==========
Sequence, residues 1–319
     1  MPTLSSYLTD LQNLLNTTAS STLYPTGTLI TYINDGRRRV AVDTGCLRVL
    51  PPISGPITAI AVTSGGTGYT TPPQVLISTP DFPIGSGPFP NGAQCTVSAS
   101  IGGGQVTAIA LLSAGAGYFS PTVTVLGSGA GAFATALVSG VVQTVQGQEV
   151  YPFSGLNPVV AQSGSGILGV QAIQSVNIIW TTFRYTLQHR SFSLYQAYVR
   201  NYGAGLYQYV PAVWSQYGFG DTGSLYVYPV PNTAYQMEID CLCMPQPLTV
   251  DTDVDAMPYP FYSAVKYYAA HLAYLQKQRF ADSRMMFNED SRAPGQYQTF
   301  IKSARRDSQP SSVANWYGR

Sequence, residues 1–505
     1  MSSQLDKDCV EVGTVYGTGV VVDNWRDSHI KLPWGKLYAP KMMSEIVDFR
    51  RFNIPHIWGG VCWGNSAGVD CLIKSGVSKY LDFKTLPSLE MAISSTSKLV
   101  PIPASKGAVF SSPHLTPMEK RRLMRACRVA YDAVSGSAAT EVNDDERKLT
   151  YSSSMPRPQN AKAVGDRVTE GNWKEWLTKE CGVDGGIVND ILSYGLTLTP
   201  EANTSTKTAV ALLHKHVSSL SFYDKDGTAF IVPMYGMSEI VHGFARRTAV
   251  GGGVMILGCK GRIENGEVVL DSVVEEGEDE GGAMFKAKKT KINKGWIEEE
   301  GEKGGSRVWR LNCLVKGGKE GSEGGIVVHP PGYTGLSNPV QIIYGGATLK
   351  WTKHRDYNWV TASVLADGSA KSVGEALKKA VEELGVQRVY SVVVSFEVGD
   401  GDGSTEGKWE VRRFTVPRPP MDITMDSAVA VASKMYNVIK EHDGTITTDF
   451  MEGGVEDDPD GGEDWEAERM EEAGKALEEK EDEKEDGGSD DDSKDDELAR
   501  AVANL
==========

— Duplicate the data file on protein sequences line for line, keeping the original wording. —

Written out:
Sequence, residues 1–319
     1  MPTLSSYLTD LQNLLNTTAS STLYPTGTLI TYINDGRRRV AVDTGCLRVL
    51  PPISGPITAI AVTSGGTGYT TPPQVLISTP DFPIGSGPFP NGAQCTVSAS
   101  IGGGQVTAIA LLSAGAGYFS PTVTVLGSGA GAFATALVSG VVQTVQGQEV
   151  YPFSGLNPVV AQSGSGILGV QAIQSVNIIW TTFRYTLQHR SFSLYQAYVR
   201  NYGAGLYQYV PAVWSQYGFG DTGSLYVYPV PNTAYQMEID CLCMPQPLTV
   251  DTDVDAMPYP FYSAVKYYAA HLAYLQKQRF ADSRMMFNED SRAPGQYQTF
   301  IKSARRDSQP SSVANWYGR

Sequence, residues 1–505
     1  MSSQLDKDCV EVGTVYGTGV VVDNWRDSHI KLPWGKLYAP KMMSEIVDFR
    51  RFNIPHIWGG VCWGNSAGVD CLIKSGVSKY LDFKTLPSLE MAISSTSKLV
   101  PIPASKGAVF SSPHLTPMEK RRLMRACRVA YDAVSGSAAT EVNDDERKLT
   151  YSSSMPRPQN AKAVGDRVTE GNWKEWLTKE CGVDGGIVND ILSYGLTLTP
   201  EANTSTKTAV ALLHKHVSSL SFYDKDGTAF IVPMYGMSEI VHGFARRTAV
   251  GGGVMILGCK GRIENGEVVL DSVVEEGEDE GGAMFKAKKT KINKGWIEEE
   301  GEKGGSRVWR LNCLVKGGKE GSEGGIVVHP PGYTGLSNPV QIIYGGATLK
   351  WTKHRDYNWV TASVLADGSA KSVGEALKKA VEELGVQRVY SVVVSFEVGD
   401  GDGSTEGKWE VRRFTVPRPP MDITMDSAVA VASKMYNVIK EHDGTITTDF
   451  MEGGVEDDPD GGEDWEAERM EEAGKALEEK EDEKEDGGSD DDSKDDELAR
   501  AVANL